Nairo Quintana and his Movistar team failed to crack and pull back time on Chris Froome (Team Sky) on stage 9 of the Tour de France but as the riders travelled north to Nantes for the first rest day, the Spanish squad was buoyed by their ability to isolate Froome. Team Sky's aura of invincibility took a serious blow.
Quintana made four aggressive attacks on the second half of the Hourquette d'Ancizan climb. Froome responded confidently to each one but the Colombian climber confirmed he is likely to be Team Sky's biggest antagonist in this year's Tour de France.
Quintana moved up to seventh overall after the Pyrenees, 2:02 down on
Froome. He is likely to lose at least a minute in the stage 11 time trial to Mont-Saint-Michel but could gain time in the high mountains such as Mont Ventoux and in the Alps.
"It was a beautiful stage and quite a good result for us - we proved that we have an excellent squad, with all riders at a very strong level, ready to help myself as well as Rui and Alejandro," Quintana said.
“We showed the world Sky also has weaknesses, but Froome is really strong and it's difficult to hurt him. Still we're taking some energy from him, making him work and suffer in view of the next stages."
Quintana is just 23 years old and is the favourite to win the best young rider's white jersey competition. Early leader Michal Kwiatkowski (Omega Pharma-Quick-Step) is second at 1:23. The USA's Andrew Talansky (Garmin-Sharp) lost seven minutes on the second stage in the Pyrenees and so is fourth in the white jersey classification, at 7:33.
"Getting through this week with the white jersey is quite good and I'm really happy to be wearing it," Quintana said.
"There are still many strong rivals in front of us, which we will have to fight against in the remainder of the race. Fortunately the first rest day comes tomorrow and we'll try to profit from it - getting on a short ride with the teammates, talking about anything but the race to get the nerves off."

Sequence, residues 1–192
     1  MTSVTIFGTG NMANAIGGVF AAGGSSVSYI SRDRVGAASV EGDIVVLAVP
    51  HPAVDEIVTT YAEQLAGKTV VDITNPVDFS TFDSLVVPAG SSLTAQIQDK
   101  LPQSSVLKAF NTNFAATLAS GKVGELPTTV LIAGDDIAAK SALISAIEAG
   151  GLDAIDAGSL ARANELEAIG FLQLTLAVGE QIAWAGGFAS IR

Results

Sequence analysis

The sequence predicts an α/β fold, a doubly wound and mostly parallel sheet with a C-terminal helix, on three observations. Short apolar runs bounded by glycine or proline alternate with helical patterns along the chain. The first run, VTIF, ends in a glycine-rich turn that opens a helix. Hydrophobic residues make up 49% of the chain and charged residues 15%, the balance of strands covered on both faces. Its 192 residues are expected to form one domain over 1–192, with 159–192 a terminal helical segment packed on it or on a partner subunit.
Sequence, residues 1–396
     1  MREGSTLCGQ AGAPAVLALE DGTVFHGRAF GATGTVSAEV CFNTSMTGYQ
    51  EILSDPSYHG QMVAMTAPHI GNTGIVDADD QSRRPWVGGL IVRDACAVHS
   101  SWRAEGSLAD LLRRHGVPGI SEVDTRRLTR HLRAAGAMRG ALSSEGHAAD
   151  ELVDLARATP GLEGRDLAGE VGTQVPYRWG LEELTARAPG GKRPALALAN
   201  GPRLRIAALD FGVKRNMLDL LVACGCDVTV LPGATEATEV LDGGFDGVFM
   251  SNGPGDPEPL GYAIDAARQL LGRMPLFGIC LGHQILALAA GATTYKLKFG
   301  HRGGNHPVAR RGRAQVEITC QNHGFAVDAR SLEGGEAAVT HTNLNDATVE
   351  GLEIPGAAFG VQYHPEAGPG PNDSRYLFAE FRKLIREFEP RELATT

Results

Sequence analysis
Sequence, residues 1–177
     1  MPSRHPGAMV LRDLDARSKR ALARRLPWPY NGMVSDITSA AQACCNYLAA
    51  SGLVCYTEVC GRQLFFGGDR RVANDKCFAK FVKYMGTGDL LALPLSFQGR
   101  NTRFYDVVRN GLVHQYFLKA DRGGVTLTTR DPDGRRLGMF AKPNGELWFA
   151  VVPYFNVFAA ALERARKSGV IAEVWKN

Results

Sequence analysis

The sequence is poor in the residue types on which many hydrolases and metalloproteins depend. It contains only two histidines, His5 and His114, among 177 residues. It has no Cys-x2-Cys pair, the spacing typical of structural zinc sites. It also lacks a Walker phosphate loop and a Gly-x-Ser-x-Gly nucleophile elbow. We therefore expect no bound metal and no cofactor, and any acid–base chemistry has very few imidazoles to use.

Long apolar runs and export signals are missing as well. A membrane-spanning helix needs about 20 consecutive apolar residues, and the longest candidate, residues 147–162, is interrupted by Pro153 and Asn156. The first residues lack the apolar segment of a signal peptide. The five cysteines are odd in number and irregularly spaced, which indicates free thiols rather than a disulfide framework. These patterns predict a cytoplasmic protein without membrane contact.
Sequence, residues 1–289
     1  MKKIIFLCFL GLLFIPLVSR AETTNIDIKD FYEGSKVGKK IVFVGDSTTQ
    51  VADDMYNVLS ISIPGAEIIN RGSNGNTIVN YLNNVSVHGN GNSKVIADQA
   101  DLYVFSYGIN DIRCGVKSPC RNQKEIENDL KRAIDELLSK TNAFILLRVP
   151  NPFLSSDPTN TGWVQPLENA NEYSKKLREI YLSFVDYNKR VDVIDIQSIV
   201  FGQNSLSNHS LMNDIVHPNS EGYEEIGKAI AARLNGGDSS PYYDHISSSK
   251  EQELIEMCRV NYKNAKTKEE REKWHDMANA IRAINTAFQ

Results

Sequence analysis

Unzue upbeat after the Pyrenees
Movistar team manager Eusebio Unzue will no doubt allow his riders an extra hour in bed on the first rest day after their impressive collective performance in the Pyrenees. Movistar has three riders in the top ten overall: Alejandro Valverde is second, 1:25 down on Froome, Quintana is seventh at 2:02 and Rui Costa is tenth at 2:45.
Unzue claimed that the Movistar riders were more concerned about distancing Porte than making an all-out assault on Froome on the last climb, hence their decision to ride strongly, with only Quintana going on the attack.
"Froome was isolated on the second pass but after that, because of the way it panned out, we had to work to stop Porte coming back. That’s pretty much what we worked towards all day – making sure that Sky will no longer have the opportunity to play two cards," Unzue explained to Cyclingnews.
“A missed opportunity? Well, maybe, but it’s not easy to work all day and then attack at the end. Quintana tried but Froome held it together and controlled everything all day. The stage wasn’t ideal for taking time on him. There was a moment between the Col de Menté and the Peyresourde when it looked really interesting, with about eight riders at the front, but then Saxo and teams that weren’t represented closed the gap and that was the stage finished."
A Spanish alliance
Unzue revealed his respect for Froome after his strong performance on the climb to Ax 3 Domaines but hinted that he is ready form a Spanish alliance with Alberto Contador to try and defeat Froome and Team Sky. "We still hope that we can beat Froome," he said.
"We realised yesterday that he was the strongest. What he did yesterday was worthy of a grand master. That’s the truth.
"Can we form an alliance with Contador? We’ll certainly try, but it’s a question of whether you have the strength to take advantage when the opportunity arises."
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